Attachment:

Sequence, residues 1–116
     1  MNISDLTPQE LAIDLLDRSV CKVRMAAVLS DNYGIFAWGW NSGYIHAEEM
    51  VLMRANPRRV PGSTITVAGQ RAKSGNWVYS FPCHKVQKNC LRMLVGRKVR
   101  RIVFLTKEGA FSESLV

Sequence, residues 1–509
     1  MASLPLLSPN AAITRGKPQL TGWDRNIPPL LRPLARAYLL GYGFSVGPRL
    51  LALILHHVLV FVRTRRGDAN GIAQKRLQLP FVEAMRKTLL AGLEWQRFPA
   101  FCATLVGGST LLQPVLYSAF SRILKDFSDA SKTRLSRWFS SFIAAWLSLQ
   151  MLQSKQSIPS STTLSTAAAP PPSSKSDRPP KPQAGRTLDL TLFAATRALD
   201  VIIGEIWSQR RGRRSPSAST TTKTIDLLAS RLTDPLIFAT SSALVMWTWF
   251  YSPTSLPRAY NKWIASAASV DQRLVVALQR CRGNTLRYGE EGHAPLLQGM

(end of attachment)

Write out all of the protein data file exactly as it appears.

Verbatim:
Sequence, residues 1–116
     1  MNISDLTPQE LAIDLLDRSV CKVRMAAVLS DNYGIFAWGW NSGYIHAEEM
    51  VLMRANPRRV PGSTITVAGQ RAKSGNWVYS FPCHKVQKNC LRMLVGRKVR
   101  RIVFLTKEGA FSESLV

Sequence, residues 1–509
     1  MASLPLLSPN AAITRGKPQL TGWDRNIPPL LRPLARAYLL GYGFSVGPRL
    51  LALILHHVLV FVRTRRGDAN GIAQKRLQLP FVEAMRKTLL AGLEWQRFPA
   101  FCATLVGGST LLQPVLYSAF SRILKDFSDA SKTRLSRWFS SFIAAWLSLQ
   151  MLQSKQSIPS STTLSTAAAP PPSSKSDRPP KPQAGRTLDL TLFAATRALD
   201  VIIGEIWSQR RGRRSPSAST TTKTIDLLAS RLTDPLIFAT SSALVMWTWF
   251  YSPTSLPRAY NKWIASAASV DQRLVVALQR CRGNTLRYGE EGHAPLLQGM